He weighs 165 pounds and works at a home for abused, neglected and emotionally disturbed kids in California. Rather than fuss about the idiot in the White House, the deterioration of the US economy, my sore toe and whatever else is bothering me, I’d rather think about this Newfie and look at this picture (LA Times/Ken Hively) – story and photo from this morning’s Denver Post. Aas usual, story below the fold if the link has expired.
Troubled children find a friend in clinic’s furry therapist
Archie reaches out to the children at a California therapy center in a way people can’t. And, he lets them pull on his ears.
By Mary Engel
Los Angeles Times
Article Last Updated: 07/18/2007 09:57:23 PM MDT
The toddlers spot him the instant he steps out of his office. They swarm, shouting his name: “Archie! Archie! Archie!” He drops to the ground, eye-level with 3-year-olds. They lean into him, hug him, climb on him.
At Casa Pacifica, a Ventura County, Calif., oasis for abused, neglected and emotionally disturbed children, patience and calm aren’t just virtues; they’re job requirements. Archie has worked at the leafy campus in Camarillo, Calif., for two years, and he doesn’t flinch when small hands pull his ears and wandering fingers poke his nostrils.
Instead, he bestows slobbery kisses with a pink tongue as large as a hand towel.
“Yucky!” the kids squeal, hugging the 165-pound dog all the harder.
Archie was Vicki Murphy’s idea. Her boss, Steven Elson, Casa Pacifica’s executive director, was initially skeptical of so-called therapy dogs.
But Murphy, 51, Casa Pacifica’s director of operations and development, had watched dogs work magic with children before. A former private school teacher, she once raised a puppy in her classroom. The second-graders took turns walking Rudy, a Labrador retriever, and learned not to rock their chairs on his paws or tail.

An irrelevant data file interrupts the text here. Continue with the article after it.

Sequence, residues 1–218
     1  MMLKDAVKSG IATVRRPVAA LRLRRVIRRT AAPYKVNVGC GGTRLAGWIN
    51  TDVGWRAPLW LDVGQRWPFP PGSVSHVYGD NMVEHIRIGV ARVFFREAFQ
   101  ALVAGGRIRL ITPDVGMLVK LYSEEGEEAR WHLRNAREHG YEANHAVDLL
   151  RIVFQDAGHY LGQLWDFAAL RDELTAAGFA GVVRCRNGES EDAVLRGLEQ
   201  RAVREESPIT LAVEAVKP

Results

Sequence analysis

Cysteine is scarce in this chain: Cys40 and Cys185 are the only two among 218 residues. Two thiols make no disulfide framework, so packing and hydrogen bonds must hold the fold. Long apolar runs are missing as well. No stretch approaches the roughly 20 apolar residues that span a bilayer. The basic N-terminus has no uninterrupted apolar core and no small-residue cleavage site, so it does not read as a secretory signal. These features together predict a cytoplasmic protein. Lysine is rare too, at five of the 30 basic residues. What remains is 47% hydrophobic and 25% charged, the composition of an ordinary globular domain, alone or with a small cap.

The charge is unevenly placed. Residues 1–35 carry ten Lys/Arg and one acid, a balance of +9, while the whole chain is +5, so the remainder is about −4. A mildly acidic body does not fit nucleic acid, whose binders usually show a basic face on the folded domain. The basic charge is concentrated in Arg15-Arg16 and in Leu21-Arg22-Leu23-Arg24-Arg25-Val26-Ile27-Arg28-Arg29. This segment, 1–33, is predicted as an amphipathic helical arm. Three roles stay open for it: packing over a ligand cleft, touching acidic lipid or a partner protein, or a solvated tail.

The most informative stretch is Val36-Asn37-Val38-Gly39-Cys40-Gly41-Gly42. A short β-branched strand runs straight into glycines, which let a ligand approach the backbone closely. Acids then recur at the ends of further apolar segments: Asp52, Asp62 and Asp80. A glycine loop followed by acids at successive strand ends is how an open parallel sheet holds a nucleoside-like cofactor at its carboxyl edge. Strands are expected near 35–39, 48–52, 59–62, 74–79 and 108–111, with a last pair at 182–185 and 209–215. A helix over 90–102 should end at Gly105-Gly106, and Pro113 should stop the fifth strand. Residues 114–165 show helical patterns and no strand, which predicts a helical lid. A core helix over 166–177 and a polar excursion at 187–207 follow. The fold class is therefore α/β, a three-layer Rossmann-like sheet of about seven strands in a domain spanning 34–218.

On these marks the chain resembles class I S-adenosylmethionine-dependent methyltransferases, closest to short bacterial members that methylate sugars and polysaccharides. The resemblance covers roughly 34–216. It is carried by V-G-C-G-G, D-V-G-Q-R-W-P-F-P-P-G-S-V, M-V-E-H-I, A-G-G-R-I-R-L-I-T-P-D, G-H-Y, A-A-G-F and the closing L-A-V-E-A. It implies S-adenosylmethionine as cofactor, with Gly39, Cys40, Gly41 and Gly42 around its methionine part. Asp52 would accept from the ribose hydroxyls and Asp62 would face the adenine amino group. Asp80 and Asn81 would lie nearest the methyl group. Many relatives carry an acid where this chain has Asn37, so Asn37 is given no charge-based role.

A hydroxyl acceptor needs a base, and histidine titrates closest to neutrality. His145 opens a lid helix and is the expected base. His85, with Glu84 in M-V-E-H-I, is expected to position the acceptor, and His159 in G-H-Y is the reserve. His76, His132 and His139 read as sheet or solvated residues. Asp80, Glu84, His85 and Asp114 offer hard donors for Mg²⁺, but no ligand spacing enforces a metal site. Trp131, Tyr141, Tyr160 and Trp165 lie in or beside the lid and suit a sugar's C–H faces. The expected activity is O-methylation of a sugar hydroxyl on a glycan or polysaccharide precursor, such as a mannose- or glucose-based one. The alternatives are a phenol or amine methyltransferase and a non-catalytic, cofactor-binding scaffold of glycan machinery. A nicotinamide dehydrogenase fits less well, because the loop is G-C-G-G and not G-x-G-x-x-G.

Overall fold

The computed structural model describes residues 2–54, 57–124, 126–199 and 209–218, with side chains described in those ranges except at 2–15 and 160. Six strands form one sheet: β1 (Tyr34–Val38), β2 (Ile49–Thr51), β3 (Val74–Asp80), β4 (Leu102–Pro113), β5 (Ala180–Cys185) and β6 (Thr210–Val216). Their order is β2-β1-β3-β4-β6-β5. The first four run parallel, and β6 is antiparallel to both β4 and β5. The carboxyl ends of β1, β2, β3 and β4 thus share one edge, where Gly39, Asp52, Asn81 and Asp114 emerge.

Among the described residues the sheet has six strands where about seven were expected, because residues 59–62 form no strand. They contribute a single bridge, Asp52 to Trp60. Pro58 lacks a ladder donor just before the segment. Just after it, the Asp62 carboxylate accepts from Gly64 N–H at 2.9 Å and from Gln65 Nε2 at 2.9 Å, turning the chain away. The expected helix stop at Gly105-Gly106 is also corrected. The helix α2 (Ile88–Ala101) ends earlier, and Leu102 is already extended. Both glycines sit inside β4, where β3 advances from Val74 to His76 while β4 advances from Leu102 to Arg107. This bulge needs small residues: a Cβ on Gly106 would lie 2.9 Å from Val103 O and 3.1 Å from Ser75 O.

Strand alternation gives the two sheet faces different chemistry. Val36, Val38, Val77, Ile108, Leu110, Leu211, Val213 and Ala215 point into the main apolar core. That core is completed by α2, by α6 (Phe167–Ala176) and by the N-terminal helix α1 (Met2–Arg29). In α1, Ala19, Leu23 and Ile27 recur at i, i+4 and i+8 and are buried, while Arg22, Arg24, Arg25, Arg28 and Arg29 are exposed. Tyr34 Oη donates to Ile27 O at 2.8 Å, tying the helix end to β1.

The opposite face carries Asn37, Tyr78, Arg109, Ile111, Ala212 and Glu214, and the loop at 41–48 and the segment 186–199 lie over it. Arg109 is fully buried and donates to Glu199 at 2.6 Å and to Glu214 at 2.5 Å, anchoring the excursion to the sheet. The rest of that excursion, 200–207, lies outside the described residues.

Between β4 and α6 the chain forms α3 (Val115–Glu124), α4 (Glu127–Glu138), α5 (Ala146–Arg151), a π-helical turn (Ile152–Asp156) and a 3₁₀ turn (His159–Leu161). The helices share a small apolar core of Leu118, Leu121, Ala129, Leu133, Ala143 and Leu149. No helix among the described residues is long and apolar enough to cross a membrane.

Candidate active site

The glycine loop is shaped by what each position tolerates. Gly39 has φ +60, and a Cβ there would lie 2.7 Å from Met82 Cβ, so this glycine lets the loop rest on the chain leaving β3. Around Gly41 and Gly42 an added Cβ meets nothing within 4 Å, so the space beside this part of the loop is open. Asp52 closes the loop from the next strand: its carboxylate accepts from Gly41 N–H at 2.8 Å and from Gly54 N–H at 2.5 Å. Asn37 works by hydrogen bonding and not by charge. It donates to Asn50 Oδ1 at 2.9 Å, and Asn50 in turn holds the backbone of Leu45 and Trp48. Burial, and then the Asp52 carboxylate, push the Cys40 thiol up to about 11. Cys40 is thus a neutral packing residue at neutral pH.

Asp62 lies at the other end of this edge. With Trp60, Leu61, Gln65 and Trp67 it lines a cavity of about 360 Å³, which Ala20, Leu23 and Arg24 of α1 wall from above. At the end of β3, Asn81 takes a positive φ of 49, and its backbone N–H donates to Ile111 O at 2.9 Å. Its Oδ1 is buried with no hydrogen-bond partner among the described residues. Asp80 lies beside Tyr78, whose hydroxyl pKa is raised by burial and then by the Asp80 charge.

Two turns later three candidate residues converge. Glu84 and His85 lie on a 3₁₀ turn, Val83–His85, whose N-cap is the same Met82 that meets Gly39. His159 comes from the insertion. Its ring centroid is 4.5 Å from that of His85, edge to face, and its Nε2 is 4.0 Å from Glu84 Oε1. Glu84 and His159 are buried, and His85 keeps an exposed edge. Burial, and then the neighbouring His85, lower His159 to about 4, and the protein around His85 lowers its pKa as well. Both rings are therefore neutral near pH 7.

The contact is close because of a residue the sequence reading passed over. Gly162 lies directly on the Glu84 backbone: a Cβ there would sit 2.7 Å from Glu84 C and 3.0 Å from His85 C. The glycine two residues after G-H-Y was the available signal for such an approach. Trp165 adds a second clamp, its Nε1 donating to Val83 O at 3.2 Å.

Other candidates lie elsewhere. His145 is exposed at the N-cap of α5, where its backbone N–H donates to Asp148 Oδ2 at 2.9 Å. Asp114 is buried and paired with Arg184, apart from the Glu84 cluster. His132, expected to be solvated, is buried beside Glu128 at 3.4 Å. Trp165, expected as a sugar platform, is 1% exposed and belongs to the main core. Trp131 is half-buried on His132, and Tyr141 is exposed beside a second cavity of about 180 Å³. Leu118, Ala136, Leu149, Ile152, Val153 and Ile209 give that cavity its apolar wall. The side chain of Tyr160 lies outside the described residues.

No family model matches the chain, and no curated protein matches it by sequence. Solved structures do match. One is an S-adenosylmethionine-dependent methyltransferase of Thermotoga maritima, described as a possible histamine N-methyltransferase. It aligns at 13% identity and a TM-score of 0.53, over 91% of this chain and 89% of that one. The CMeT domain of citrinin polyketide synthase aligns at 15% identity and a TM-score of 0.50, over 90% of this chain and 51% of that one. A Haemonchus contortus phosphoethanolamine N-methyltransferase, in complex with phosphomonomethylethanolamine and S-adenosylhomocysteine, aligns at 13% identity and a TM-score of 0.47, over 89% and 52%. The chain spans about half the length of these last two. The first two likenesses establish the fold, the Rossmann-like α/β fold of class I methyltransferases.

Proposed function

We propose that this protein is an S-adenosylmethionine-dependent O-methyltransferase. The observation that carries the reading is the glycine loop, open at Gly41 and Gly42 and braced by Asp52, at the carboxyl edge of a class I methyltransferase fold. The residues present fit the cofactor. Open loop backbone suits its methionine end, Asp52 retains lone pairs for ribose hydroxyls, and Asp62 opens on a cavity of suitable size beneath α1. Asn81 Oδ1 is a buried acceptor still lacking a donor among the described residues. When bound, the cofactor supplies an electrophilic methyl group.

If dogs could teach privileged children about responsibility and nurturing, Murphy mused, maybe they could help kids whose human role models had failed them utterly.
Murphy chose a Newfoundland for Casa Pacifica after researching breeds. Newfies are gentle, playful, lovable dogs whose devotion to children has earned them accolades as natural babysitters. Some children are initially frightened of Archie. They quickly get over it.
“Immediately the kids sense someone who is warm and cuddly. Being near him gives them a great sense of security,” said Howard Miller, a Casa Pacifica therapist.
Wired teenagers walk out their frustrations next to Archie. Lonely adolescents sit beside him on the green lawn, arms draped across his broad back. Kids who are having trouble in school practice reading aloud to him, choosing from a library of books about Newfies.
A toddler spoke her first word at Casa Pacifica: “Archie.”
As for the drooling, Murphy and the other staffers have learned to live with what the kids call Archie’s “schnarf.” A local quilting group has made 20 giant bibs, embroidered with Archie’s name or phrases such as “World’s Greatest Smoocher.”